How Eco-conscious is our E-commerce really?

I have been getting some questions about the ecological footprint of my e-commerce activities. I am happy to share how we are working towards an even more sustainable brand.

People are aware of the industry’s problems and they want to do better, demanding that companies follow along. Although the call for a more sustainable fashion might come from customers, the fashion industry has been quick to realize it also has to comply with what people are asking for. And simply using marketing buzzwords to appease an eco-conscious audience doesn’t cut it.

But first: what is sustainable fashion?

Sustainable fashion doesn’t just champion changes that are good for the environment. It also aims to address the social issues that concern the workers of the industry, such as low wages and poor working conditions.

Source: Nielsen

Why is it important to work towards sustainable fashion?

In order to understand why working together towards sustainable fashion is necessary, it’s important to be aware of the main issues in the world of fashion.

The worldwide revenue of the fashion market is predicted to rise from $481.2 billion in 2018 to $712.9 billion in 2022. That’s good news for shop owners, but it could become a worrying statistic for the environment and, by extension, all of us.

Source: Statista

The main problem to tackle is the pollution created by producing and selling apparel. To understand the extent of the issue, let’s look at the product life cycle for one of the fashion industry’s favorites: the white cotton t-shirt.

The drawbacks of fashion industry’s favorite source: cotton

Cotton apparel is comfortable, durable, and breathable. Cotton is also relatively cheap to grow and harvest. So it comes as no surprise that it’s the most widespread non-food crop in the world. Unfortunately, it has some drawbacks.

  • Pesticides

Cotton farmers use pesticides, insecticides, and fertilizers. These mix with the water and drain into soil, affecting the biodiversity of the land and limiting fresh drinking water.

  • Water consumption

Growing enough cotton for a single t-shirt takes up to 731 gallons of water (that’s enough for one person to drink for 3.5 years). In comparison, producing enough polyester for a t-shirt requires 4 gallons of water.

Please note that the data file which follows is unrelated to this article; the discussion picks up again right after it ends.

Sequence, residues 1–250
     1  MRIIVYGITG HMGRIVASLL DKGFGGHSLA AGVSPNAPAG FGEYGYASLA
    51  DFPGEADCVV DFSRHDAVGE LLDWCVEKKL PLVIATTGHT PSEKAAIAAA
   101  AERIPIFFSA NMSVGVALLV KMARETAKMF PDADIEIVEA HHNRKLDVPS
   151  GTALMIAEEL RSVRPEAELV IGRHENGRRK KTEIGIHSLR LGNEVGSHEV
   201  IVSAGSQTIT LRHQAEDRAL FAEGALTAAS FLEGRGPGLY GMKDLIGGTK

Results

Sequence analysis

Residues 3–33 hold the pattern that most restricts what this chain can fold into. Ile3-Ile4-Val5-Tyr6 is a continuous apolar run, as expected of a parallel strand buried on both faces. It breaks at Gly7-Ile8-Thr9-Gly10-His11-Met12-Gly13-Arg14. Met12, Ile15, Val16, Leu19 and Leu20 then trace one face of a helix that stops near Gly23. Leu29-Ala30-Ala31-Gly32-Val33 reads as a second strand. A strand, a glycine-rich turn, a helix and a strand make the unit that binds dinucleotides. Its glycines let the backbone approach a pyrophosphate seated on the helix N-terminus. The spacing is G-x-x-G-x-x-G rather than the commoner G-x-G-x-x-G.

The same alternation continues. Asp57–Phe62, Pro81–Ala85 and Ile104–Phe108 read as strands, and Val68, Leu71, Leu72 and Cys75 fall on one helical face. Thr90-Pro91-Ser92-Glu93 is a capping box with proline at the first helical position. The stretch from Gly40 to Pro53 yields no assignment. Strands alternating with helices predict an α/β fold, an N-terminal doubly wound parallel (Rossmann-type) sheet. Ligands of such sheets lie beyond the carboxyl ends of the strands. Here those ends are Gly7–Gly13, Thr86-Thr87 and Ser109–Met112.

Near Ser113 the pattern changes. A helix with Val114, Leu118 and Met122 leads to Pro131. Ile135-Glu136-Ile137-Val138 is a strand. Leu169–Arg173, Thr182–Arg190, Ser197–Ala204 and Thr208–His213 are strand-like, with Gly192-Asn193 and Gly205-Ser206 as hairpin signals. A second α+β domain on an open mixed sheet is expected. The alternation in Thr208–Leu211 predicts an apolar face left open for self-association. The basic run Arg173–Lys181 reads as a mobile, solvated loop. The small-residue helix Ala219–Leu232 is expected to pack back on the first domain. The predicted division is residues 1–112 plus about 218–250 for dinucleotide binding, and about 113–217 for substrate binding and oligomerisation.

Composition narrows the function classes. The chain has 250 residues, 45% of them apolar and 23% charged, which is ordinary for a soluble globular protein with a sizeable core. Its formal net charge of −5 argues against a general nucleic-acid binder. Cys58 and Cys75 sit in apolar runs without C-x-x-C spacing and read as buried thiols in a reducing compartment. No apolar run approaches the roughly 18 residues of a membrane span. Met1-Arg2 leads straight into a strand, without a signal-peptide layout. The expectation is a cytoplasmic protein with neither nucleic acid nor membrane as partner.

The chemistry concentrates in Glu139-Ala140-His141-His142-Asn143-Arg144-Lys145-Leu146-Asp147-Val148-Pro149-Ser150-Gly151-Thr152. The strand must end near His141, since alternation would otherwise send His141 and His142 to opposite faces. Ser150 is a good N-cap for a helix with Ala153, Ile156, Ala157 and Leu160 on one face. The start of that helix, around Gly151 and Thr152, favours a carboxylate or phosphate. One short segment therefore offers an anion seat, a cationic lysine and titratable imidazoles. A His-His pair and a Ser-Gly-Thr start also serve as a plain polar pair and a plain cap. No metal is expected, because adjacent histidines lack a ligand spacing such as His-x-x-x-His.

• chemical use during production

After cotton is harvested, it’s sent to a textile mill where it’s manufactured into a rough gray fabric. The fabric is then bleached, dyed, and treated with chemicals to achieve the desired look—a soft, white roll of fabric that’s sent to a sewing facility and turned into t-shirts. All these production steps can lead to environmental damage because of the chemicals and water they require.

  • waste as result of overproduction

Finally, the t-shirts arrive at your favorite retail store. You buy one and wear it. But what happens to the rest of the t-shirts you saw on the rack? The ones that don’t get sold often end up in landfills or get burned, resulting in more emissions and pollution.

So what are we doing to change these things around?

  • Avoid overproduction

When you find a product on – the order is only fulfilled upon you finalizing the order. The product is created and printed on your request. This is called Print-on-demand (POD).

Printing on demand avoids overproduction—excess items that don’t get sold and have to be thrown out or burned, which several retail giants do. With 92 million tons of textile going to waste in the fashion industry each year, a business model like this is a game-changer. POD services might actually just be one of the keys to an environmentally friendly fashion industry.

  • Damaged items & returns are donated to charity

Returned items are donated to local charities and damaged apparel is offered to animal shelters who can use them for their needs.

  • We are conscious about the products we print on and where we source them. 

We make sure we use products that yield high-quality print results. On top of that we continuously add sustainable suppliers that can guarantee long term delivery of sustainable products. That means suppliers that use solar energy, limit water use, and recycle waste by-products to make sure their products can sport the eco-friendly tag.

  • Our suppliers only stock to fulfil their high demand items

Ordering stock only when we need it goes hand in hand with the idea that products only get printed when an order is placed.

  • Our supplier’s print process is as eco-friendly as possible

With their state-of-the-art printing equipment our suppliers will continue to invest in the newest technologies from companies who care about sustainable fashion. For example – the inks they use for printing are water-based and free of harmful chemicals.

  • Shipping routes as short as possibly

With several production facilities in Europe, the United States and Mexico we can ship products faster and cut the shipping distances, which results in less air and water pollution.

  • Limiting the use of plastic

We’ve limited the use of plastic in our packaging, and our supply team is looking into limiting it even more and researching alternatives.

What comes next

We could always do better – but I just wanted to let you in on the steps that are being taken to work towards becoming an even more sustainable brand. And I am excited to share this journey with you!

If you still have questions check our Frequently Asked Questions or drop us a note.